Barton, head of the WallBuilders organization, which can be kindly described as giving a right-wing Christian spin on American history, and who once headed the Republican Party in Texas, has no training as a historian. Rather, from WallBuilders you get the kind of agitprop that distorts history and causes division. Earlier this week a friend forwarded me a number of his papers on black history which proved either irrelevant or misleading.
Let's take an entry on Richard Allen, founding bishop of the African Methodist Episcopal Church. According to Barton, "Allen began to preach regularly at the St. George Methodist Church in Philadelphia. He suggested that Blacks should have a separate place of worship apart from Whites; and although his suggestion was at first resisted, his forceful preaching attracted such a vast number of Blacks to the church that when objections were raised, Allen's idea of a separate congregation was finally accepted."
In an entry on black voting rights published in 2003, Barton consistently mentions -- without perspective -- that the Democratic Party was the chief agent of racial segregation and discrimination (that was true only in the South). He's correct in saying that the Republican Party was founded specifically to take down chattel slavery -- but wait a minute. By the 1880s, with slavery gone and Reconstruction abandoned, the GOP had left its anti-racist past behind.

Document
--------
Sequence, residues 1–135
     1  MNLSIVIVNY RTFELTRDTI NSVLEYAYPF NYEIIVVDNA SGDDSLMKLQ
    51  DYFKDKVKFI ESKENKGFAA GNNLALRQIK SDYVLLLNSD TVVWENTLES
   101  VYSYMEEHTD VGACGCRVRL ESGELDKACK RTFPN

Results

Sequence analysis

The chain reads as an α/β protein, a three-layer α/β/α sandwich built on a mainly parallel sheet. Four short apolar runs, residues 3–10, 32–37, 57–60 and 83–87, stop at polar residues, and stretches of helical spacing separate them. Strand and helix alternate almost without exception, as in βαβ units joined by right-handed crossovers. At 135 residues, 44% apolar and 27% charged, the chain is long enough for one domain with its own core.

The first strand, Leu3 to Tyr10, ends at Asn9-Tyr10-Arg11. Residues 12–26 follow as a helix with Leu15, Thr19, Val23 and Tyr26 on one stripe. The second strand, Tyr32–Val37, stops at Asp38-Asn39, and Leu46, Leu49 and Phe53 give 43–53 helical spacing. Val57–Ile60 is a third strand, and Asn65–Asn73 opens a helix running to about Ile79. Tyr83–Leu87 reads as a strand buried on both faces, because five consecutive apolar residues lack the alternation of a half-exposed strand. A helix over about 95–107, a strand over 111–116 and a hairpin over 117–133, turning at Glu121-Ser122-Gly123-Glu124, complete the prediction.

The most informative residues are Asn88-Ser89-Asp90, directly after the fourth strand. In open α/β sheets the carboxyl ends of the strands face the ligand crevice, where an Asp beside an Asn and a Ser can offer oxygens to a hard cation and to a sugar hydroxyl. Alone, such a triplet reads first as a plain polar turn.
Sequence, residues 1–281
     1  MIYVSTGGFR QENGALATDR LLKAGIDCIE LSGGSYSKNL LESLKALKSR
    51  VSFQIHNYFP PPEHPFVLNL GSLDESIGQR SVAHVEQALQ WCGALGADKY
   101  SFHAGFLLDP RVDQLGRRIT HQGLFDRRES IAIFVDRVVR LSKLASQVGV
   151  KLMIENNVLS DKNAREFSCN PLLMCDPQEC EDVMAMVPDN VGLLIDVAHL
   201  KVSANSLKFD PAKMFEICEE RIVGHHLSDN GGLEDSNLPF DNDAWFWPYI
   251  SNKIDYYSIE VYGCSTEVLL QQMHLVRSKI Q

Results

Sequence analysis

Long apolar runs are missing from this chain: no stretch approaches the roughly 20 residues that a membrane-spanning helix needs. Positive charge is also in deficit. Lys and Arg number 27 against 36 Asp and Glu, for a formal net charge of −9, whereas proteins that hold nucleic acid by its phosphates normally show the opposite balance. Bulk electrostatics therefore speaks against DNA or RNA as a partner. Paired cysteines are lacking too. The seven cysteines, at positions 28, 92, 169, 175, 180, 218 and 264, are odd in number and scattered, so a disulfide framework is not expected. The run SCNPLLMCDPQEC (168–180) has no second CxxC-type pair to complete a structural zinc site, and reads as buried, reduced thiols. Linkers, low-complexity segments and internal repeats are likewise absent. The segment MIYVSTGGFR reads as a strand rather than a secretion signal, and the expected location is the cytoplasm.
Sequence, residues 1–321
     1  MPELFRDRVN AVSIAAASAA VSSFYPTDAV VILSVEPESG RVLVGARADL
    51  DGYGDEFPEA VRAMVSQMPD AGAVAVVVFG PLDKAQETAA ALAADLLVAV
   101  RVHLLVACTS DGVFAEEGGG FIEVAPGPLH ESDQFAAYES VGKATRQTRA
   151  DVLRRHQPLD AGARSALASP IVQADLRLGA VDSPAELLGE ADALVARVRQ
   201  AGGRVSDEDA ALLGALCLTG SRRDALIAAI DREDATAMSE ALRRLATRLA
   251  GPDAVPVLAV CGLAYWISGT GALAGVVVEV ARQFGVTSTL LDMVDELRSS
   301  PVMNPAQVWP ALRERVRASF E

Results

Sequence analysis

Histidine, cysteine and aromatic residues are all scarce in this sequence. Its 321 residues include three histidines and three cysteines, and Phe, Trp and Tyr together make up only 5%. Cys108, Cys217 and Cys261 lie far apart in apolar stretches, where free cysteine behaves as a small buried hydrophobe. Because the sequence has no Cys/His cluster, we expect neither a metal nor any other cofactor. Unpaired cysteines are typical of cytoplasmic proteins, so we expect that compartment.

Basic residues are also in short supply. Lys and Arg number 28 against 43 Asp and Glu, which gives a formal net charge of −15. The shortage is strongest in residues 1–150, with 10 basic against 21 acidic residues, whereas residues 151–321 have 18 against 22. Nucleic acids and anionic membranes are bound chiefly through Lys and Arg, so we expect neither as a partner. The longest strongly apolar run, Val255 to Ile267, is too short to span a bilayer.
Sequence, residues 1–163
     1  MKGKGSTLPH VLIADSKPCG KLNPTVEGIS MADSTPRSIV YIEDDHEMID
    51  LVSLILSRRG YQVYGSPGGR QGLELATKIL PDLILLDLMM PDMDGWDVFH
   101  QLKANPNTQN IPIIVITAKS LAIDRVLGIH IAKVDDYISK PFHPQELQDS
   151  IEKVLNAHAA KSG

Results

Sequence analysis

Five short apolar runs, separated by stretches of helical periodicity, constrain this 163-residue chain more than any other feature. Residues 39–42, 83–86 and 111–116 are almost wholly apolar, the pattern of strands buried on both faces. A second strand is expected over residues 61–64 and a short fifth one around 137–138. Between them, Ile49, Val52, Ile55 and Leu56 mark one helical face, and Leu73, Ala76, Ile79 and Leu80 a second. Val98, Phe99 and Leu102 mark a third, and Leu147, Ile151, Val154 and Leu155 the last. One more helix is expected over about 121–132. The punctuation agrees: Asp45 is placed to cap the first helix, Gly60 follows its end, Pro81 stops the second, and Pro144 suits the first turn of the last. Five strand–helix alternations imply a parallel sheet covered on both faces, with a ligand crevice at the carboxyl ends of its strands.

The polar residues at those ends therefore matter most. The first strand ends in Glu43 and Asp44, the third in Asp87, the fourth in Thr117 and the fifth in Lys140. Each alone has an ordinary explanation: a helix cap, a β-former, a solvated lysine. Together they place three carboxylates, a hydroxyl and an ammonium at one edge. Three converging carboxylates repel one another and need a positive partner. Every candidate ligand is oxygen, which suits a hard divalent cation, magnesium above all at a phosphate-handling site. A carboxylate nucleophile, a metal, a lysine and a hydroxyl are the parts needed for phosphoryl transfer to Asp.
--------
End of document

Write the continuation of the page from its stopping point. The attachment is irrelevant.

Moreover, what became known as the "New Right," pushed by William F. Buckley Jr. and developing appeal mostly in the West, was proving increasingly influential in the GOP in the 1960s, so much so that it was able to get Barry Goldwater on the ticket as its presidential candidate in 1964; Goldwater, who publicly opposed the civil-rights movement, was later denounced by Martin Luther King Jr. as "the most dangerous man in the country" at the time. Two years later, Richard Nixon enacted the GOP's notorious "Southern Strategy" which reached out to white Southerners by emphasizing, among other things, the national Democratic Party's commitment to civil rights (which was recast as "big government"). Slowly they began to trickle into the GOP but came full-scale with the election of Ronald Reagan -- who also opposed MLK Jr.
I wonder why Barton never mentions King and the civil-rights movement -- which of course came out of the black church and even to this day informs much of the African-American community -- in his writings. Perhaps because it clearly came from the political left and thus causes embarrassment to those on the right who want the exclusive franchise on religious activism. But that's a shame, especially considering his partisan view of history which leaves out much of the truth.